A new reform aims to make the World Bank better able to support developing countries in dealing with global challenges like climate change.
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World Bank reform: More investments in climate action

The World Bank will in future offer stronger financing incentives for projects that benefit not only individual countries but the whole world – ranging from climate action projects to preserving biodiversity and pandemic prevention.

The shareholders of the World Bank have agreed at their Annual Meeting in Marrakech in October 2023 on an ambitious reform that will lead to more investments in climate action and other global development goals. 

At the World Bank Annual Meeting one year ago, the Development Minister Svenja Schulze, as the Governor for Germany in the World Bank Group together with other shareholders, had called on the Management of the World Bank to draw up a reform aimed at making the Bank better able to support developing countries in dealing with global challenges like climate change. Afterwards, the World Bank gradually prepared a package of reforms over the last few months that was adopted at the meeting of the World Bank governors.

A reform package comprising three main elements

First, a new guiding vision. The World Bank is now working for a “world free of poverty on a liveable planet”. This means that the global dimension of, for example, protecting vital natural resources is now a fundamental task for the Bank.

Second, adapting the Bank’s business model in line with this new guiding vision. New incentives will be put in place in order to foster investments in climate action and environmental protection, peacekeeping and pandemic prevention. This is meant to make it pay more in future for countries to also invest in projects that are not just for their own benefit – for example, protecting rainforests or preventing pandemics. Such incentives can be provided by offering cheaper credit, through concessional terms and conditions, or via loans with longer tenors. The target group here is, in particular, middle-income countries that are especially vulnerable to climate change or other external shocks, for example small island states. The reform also includes the possibility of putting climate-resilient debt clauses in loan agreements. If a country is hit by a natural disaster, it will be allowed to temporarily suspend its debt repayments during the crisis. This means it will have the financial space at that moment to fund its response. The World Bank will now begin piloting this option for small states that are particularly affected by climate change.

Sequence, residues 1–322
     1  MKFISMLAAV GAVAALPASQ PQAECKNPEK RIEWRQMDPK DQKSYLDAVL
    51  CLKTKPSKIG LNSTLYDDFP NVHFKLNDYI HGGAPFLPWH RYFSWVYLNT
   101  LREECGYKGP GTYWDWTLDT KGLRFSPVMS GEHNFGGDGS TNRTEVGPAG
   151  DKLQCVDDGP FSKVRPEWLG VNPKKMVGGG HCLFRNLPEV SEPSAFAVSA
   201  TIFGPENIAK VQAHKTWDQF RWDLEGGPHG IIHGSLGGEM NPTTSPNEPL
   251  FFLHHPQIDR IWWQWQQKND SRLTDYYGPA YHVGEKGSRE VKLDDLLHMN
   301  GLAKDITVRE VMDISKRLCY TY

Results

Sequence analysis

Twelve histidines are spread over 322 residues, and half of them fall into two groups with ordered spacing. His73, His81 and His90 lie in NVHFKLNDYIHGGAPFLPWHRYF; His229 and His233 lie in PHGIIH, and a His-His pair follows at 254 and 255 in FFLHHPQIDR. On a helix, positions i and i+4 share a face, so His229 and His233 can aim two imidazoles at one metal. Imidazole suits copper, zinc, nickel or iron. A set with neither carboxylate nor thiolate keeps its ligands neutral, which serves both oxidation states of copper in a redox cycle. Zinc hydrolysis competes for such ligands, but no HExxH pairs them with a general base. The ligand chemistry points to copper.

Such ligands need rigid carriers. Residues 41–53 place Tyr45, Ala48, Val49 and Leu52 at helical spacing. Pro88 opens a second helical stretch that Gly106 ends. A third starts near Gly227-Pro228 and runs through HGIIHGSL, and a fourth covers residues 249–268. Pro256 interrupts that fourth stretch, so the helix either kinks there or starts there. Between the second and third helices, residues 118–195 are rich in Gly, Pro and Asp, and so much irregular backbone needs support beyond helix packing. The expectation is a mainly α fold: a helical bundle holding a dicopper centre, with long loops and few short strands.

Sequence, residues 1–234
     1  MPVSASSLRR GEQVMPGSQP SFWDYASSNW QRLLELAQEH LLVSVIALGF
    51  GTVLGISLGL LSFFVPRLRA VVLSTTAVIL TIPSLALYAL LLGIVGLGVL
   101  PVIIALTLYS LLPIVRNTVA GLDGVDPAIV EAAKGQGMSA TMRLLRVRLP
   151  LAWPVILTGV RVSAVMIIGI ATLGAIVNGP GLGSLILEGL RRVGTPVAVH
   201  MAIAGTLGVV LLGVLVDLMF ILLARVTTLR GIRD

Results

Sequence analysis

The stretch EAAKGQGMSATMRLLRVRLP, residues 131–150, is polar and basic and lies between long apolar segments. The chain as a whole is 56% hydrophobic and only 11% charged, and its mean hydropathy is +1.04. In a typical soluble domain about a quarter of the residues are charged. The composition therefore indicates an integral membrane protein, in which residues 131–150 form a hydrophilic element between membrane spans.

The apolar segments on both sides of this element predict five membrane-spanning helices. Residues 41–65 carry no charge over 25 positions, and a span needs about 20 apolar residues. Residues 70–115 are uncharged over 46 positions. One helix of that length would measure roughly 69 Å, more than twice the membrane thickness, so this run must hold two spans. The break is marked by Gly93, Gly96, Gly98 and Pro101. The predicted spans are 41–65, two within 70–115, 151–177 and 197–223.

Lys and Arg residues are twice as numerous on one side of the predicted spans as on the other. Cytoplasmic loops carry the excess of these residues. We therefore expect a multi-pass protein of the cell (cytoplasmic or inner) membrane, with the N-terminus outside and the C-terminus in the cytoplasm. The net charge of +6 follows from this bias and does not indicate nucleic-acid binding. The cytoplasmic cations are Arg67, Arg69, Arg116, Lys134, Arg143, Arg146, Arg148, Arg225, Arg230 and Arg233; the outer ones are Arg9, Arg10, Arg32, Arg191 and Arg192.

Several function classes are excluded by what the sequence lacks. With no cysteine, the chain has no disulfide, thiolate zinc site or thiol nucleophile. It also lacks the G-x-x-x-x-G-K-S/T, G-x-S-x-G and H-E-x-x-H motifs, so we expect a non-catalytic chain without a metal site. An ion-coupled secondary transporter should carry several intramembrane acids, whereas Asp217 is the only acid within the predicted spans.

Third, more funding. Besides building a “better bank” that is more able to address global challenges, the reform also has the aim of mobilising more funds for tackling global crises with a “bigger bank”. Germany is supporting this part of the reform as a trailblazer: it will be the first country to provide 305 million euros of “hybrid capital”. This means that, over the next ten years, the World Bank will be able to mobilise an additional 2.4 billion euros and expand its investments to include fighting global challenges. The Bank has also taken other steps as part of the reform. One example is that the mandatory equity-to-loan ratio of 20 per cent has been lowered to 19 per cent. Over the next ten years, an additional volume of more than 50 billion US dollars can be mobilised with these measures.

The World Bank has an important role to play in tackling global crises. With its financial capacity so far of around 100 billion US dollars a year, it can play a crucial role in driving forward the investments needed for the social-ecological transformation of the global economy. 

Discussions on debt relief needed

United Nations Development Programme (UNDP) Administrator Achim Steiner welcomed positive momentum towards multilateral bank reform, but he urged bigger, broader investment to tackle poverty and protect the planet.

“We welcome reform of multilateral development banks under new leadership, but the twin crises of poverty and climate demand significantly more. What is still missing is a broader and urgent discussion around restructuring debt, attracting private capital, and stimulating domestic resource mobilization – each of which is larger in scale than financing from development banks alone,” Steiner said.


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